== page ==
On September 24th, ecologist Hal Caswell received the prestigious Distinguished Lorentz Fellowship Award. In a crowded conference room at NIAS, the opening words expressed by Arjen Doelman, director of the Lorentz Center Leiden, set the tone: “While political The Hague seems to believe the natural sciences, and humanities and social sciences should be separated, we are here to do the opposite.” Both the Lorentz Center and NIAS stand for cutting-edge interdisciplinary research that moves beyond the rigid lines of contemporary academic disciplines. “Hal Caswell’s research embodies that aim.”
Before Louise Gunning, chair of the NIAS-Lorentz Advisory Council, officially handed over the award to professor Caswell, the audience is given a thought-provoking lecture on how to develop models to classify individuals by age and/or life cycle stage and calculate population dynamics based on rates of mortality, growth, development, and reproduction. The persuasive way in which Caswell engages his diverse group of listeners to think with him out loud, and even encourages them to participate in a lottery to better grasp the difference between individual chances and population statistics – turns the lecture into a true event.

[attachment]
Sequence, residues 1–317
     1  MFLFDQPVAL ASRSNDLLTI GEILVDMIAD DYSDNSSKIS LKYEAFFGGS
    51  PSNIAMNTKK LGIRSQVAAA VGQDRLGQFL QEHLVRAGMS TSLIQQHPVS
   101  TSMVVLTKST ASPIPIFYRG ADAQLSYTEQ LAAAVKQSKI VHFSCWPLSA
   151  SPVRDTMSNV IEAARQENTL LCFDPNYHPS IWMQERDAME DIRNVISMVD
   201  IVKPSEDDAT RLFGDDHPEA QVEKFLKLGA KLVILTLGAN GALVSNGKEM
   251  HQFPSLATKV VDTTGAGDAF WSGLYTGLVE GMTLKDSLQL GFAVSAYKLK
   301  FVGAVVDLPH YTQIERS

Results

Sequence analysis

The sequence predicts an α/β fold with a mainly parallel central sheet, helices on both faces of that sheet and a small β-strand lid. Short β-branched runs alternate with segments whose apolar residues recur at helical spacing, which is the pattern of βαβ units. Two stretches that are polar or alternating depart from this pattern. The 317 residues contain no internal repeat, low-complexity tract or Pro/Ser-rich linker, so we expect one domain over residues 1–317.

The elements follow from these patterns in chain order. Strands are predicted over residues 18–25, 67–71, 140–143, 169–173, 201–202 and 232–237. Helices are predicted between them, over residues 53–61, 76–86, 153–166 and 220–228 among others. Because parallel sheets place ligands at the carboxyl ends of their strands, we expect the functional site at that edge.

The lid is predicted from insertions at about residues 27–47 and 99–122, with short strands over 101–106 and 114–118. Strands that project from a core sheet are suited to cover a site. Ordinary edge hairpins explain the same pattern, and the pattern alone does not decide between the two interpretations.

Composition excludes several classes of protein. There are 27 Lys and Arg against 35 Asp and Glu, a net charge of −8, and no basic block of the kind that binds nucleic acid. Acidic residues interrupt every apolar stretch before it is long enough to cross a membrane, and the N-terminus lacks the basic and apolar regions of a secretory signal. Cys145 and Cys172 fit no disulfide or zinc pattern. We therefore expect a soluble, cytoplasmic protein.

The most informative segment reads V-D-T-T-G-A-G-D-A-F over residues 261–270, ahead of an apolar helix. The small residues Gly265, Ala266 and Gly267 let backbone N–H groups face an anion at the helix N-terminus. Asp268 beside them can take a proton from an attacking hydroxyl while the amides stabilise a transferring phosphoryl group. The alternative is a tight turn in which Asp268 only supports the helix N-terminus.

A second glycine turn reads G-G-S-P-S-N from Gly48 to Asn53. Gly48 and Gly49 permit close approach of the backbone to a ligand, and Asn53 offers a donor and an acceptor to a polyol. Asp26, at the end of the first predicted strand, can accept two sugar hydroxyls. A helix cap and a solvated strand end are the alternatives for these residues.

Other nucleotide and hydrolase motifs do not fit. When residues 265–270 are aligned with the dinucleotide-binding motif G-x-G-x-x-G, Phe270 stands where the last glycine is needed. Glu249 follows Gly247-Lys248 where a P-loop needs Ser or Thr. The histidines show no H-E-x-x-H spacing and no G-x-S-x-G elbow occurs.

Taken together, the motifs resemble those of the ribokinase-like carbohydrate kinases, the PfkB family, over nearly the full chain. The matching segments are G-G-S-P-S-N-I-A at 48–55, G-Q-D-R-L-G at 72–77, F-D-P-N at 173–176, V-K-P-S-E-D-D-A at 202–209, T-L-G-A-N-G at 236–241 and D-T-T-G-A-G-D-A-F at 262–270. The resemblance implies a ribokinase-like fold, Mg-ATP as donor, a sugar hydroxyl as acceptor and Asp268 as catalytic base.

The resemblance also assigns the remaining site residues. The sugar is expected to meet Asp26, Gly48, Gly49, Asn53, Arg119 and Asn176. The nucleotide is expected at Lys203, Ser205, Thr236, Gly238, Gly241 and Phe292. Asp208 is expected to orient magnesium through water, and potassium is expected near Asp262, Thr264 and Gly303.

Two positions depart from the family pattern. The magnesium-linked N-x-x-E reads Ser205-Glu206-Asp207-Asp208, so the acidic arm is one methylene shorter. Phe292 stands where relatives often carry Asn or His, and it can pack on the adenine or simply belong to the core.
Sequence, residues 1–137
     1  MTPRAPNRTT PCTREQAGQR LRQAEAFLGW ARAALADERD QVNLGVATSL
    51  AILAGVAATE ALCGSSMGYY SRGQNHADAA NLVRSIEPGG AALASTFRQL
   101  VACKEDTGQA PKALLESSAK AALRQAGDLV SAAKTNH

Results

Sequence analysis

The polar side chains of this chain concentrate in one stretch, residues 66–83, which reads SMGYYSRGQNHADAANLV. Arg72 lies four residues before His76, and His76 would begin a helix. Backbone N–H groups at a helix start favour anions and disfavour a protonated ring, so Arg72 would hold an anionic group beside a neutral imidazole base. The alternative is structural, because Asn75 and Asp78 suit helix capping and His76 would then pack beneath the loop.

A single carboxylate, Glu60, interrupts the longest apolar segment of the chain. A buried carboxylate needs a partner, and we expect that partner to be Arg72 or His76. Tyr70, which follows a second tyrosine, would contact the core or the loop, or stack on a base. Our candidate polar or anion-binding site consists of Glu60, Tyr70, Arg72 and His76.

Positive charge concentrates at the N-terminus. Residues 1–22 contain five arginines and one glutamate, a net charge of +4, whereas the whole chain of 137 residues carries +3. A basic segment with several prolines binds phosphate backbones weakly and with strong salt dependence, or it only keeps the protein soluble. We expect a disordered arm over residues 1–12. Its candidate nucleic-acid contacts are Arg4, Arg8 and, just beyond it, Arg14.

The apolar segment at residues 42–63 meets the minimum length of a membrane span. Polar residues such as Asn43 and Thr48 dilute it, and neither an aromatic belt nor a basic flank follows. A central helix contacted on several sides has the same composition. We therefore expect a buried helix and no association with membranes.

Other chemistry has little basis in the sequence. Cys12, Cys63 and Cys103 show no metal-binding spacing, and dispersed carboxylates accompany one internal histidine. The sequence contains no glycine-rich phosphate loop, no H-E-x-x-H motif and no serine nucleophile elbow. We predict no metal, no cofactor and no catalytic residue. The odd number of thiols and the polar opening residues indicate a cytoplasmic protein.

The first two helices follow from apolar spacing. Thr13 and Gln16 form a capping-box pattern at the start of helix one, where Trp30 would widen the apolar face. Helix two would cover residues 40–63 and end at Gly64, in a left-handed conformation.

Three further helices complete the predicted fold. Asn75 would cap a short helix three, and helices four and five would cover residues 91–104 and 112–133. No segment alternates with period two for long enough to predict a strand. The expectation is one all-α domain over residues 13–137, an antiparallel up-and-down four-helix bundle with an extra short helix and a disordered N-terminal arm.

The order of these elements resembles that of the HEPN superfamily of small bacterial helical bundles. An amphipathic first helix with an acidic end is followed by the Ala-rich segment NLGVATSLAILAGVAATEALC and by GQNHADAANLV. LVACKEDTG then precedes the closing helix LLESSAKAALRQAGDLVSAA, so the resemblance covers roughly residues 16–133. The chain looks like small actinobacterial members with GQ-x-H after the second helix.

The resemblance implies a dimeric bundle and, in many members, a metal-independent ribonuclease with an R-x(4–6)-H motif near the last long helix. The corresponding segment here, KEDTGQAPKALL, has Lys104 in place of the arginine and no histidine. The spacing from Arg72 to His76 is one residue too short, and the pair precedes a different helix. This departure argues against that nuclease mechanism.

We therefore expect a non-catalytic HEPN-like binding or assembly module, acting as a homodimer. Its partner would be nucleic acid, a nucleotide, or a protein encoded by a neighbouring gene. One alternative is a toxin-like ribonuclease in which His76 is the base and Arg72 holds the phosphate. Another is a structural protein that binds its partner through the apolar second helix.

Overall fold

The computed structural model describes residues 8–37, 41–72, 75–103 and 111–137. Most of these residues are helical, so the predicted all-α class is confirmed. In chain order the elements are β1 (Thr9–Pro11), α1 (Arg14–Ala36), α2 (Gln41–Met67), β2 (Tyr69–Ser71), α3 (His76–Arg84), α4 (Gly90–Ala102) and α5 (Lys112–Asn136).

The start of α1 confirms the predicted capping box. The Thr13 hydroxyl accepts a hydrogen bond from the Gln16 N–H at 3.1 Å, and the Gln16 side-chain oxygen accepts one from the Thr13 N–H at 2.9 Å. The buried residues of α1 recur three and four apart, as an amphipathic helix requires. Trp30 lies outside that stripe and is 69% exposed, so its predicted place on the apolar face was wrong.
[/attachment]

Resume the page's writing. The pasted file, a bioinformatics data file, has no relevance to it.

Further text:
The research project of Hal Caswell, that aims to develop a comprehensive framework for population health based on matrix population models, has clearly made a flying start with this festive ceremony.
About Hal Caswell
Hal Caswell is Professor of Mathematical Demography and Ecology at the University of Amsterdam since 2013. He also holds research positions at the Woods Hole Oceanographic Institution (US), the Southern Denmark University and the Max Planck Institute for Demographic Research (Germany).
The Distinguished Lorentz Fellowship of 2019/20 entails a 10-months fellowship at the NIAS, an international workshop at the Lorentz Center and €10.000.